This summer has seen several instances of wastewater outflows in to Lake Champlain, including an incident this week following a strong thunderstorm.
RELATED: Public Works’ Statement on July 10th Wastewater Treatment Plant Discharge
As part of their efforts to keep residents informed about this issue, last month, the Department of Public Works(DPW) released a briefing outlining the history of our City’s efforts to combat stormwater runoff and how the City continues to address this issue. Highlights from the DPW Briefing Include:
- Burlington’s Main Water Treatment Plant was built in 1953 with the North Plant and Main Street Plan being added in 1961 and 1963 respectively. The system has been updated numerous times to allow for greater capacity in the years since. Before 1953, Burlington discharged untreated waste in to Burlington Bay, Englesby Brook and the Winooski River
- Like many older cities, Burlington combines sanitary waste and stormwater flows in the same pipes. Combined Sewer Overflows (CSO’s) occur when the capacity of treatment plants is exceeded and is discharged into water bodies. To fully separate waste and stormwater flows would cost well over $100,000,000.
- As an alternative, Burlington prefers to create green wet-weather infrastructure which manages stormwater, reducing the number of CSO’s while adding more green space, shading and pedestrian/biking improvements
- Burlington’s Wastewater Treatment Plants have been updated to increase capacity several times over the years. The main plant has a current dry day capacity of 5.3 Million gallons per day.
- Burlington has five remaining untreated Combined Sewer Overflows, which are monitored by DPW. This year DPW purchased permanent flow meters in these locations which they are in the process of installing.
- Recent beach closures have been the result of the Pine Street untreated CSO. This location was discovered in 2015. This location now has a permanent flow monitor and is the prime focus of the City’s Integrated Water Quality Planning.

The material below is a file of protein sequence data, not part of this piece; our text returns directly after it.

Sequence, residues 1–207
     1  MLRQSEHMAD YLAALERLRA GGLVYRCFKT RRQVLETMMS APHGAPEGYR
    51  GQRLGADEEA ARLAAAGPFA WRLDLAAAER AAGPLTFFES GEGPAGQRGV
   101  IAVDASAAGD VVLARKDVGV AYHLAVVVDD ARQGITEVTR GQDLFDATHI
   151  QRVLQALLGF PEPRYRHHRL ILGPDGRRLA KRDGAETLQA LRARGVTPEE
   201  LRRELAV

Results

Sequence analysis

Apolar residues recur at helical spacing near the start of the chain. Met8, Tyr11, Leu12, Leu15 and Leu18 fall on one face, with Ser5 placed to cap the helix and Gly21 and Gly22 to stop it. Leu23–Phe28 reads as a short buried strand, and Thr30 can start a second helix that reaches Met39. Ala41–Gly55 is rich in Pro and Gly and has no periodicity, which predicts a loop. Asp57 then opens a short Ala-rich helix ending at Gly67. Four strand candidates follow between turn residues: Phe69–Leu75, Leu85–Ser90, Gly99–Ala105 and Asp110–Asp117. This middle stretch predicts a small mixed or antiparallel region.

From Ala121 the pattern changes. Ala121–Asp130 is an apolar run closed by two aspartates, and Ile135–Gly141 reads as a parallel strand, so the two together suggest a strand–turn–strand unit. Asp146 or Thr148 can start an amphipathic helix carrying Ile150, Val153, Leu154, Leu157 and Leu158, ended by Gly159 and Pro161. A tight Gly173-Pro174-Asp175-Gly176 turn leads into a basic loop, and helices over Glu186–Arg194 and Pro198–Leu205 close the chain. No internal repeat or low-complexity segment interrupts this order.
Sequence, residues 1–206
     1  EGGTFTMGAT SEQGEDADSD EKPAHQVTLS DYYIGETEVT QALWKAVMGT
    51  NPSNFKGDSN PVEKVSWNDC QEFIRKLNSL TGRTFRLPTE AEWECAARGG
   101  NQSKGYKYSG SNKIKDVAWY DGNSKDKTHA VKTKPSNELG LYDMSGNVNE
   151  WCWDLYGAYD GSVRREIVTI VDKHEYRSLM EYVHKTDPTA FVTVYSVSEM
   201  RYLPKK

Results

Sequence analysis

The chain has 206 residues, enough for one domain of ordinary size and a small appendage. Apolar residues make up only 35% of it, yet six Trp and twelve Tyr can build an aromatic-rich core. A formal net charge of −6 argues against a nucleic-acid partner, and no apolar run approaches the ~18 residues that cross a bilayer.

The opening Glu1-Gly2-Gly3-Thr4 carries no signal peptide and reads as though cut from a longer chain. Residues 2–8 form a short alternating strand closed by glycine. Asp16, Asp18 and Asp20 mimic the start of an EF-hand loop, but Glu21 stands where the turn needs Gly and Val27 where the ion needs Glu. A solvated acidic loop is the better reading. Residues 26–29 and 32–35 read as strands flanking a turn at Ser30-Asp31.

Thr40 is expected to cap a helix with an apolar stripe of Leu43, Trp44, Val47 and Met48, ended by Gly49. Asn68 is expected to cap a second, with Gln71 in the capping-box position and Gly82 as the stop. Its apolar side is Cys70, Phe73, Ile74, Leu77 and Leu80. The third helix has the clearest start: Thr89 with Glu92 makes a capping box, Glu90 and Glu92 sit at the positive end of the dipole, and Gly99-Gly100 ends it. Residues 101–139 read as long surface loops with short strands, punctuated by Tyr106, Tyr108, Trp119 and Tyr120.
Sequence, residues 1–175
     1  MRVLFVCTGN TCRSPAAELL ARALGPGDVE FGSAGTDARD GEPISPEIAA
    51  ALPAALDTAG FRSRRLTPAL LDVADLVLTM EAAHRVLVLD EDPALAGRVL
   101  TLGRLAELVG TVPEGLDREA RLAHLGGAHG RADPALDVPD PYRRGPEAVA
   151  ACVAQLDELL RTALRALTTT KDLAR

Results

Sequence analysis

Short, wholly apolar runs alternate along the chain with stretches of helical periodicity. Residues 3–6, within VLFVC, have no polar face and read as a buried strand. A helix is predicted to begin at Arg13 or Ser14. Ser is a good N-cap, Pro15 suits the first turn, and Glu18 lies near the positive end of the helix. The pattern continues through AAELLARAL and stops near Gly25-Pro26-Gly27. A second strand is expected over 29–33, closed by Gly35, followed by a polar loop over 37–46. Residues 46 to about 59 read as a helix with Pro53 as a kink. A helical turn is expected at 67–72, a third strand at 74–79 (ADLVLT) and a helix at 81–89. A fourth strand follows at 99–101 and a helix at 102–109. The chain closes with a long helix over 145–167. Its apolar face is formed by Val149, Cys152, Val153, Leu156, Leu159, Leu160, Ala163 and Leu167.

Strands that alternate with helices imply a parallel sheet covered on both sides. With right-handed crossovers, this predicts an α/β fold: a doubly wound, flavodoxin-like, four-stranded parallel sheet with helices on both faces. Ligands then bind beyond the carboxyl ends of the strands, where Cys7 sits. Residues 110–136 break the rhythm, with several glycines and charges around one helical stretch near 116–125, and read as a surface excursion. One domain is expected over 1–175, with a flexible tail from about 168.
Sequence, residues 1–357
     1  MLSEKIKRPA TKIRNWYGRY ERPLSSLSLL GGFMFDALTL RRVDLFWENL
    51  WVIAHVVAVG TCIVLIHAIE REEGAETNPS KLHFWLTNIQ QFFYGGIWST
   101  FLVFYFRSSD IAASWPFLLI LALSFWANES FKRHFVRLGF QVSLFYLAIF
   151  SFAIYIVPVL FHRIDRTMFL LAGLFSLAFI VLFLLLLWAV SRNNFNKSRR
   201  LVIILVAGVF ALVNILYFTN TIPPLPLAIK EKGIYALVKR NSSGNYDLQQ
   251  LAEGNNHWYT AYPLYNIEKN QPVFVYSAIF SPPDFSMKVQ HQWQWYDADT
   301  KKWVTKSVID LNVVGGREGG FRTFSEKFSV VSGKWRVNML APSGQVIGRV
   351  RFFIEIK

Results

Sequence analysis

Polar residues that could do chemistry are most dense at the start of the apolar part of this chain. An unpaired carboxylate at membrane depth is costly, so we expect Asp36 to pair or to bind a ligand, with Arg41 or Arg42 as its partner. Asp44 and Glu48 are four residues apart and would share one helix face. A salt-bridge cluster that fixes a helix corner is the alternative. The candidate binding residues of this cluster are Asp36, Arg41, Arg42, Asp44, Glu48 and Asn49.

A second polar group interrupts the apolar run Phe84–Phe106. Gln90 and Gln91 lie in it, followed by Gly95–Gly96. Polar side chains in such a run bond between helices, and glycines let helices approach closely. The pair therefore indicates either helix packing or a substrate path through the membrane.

- A 2009 update to City ordinances dictates that any project that disturbs more than 400 sq. ft. must be reviewed for stormwater impacts. A number of recent projects have greatly contributed to mitigation efforts including: Investors Corporation of Vermont’s building at 180 Battery Street, Redstone’s redevelopment at 237 North Winooski Ave., Bright Street Cooperative’s development, and UVM’s Waterman Hall drainage efficiency project.
- Large scale developments are required to manage their stormwater flows. CityPlace Burlington, Cambrian Rise and 85 North Avenue will all manage 100% of all new and existing stormwater runoff.
- The City’s Water Resources and Integrated Planning Team is spearheading work to solve this issue and has already developed a comprehensive wet weather map to target stormwater reduction opportunities, developed a list of non-structural strategies to reduce runoff, and evaluated enhanced phosphorus removal technologies to aid already successful phosphorus removal procedures.
Protecting Lake Champlain is of the utmost importance to the future of Burlington. City officials are working to address this issue and prevent future CSO’s. In a press release yesterday Mayor Weinberger stated he has directed DPW to, “immediately devote every available resource, including outside experts, to fully investigate the causes of the recent mechanical discharges and to immediately implement fixes.”
In the meantime, people should remember that the Lake is safe to enjoy this summer. While signs are posted at South End beaches, residents and visitors should know that this is purely a precaution. Testing after these incidents show there has been no significant rise in the level of bacteria in the lake and are well below EPA limits.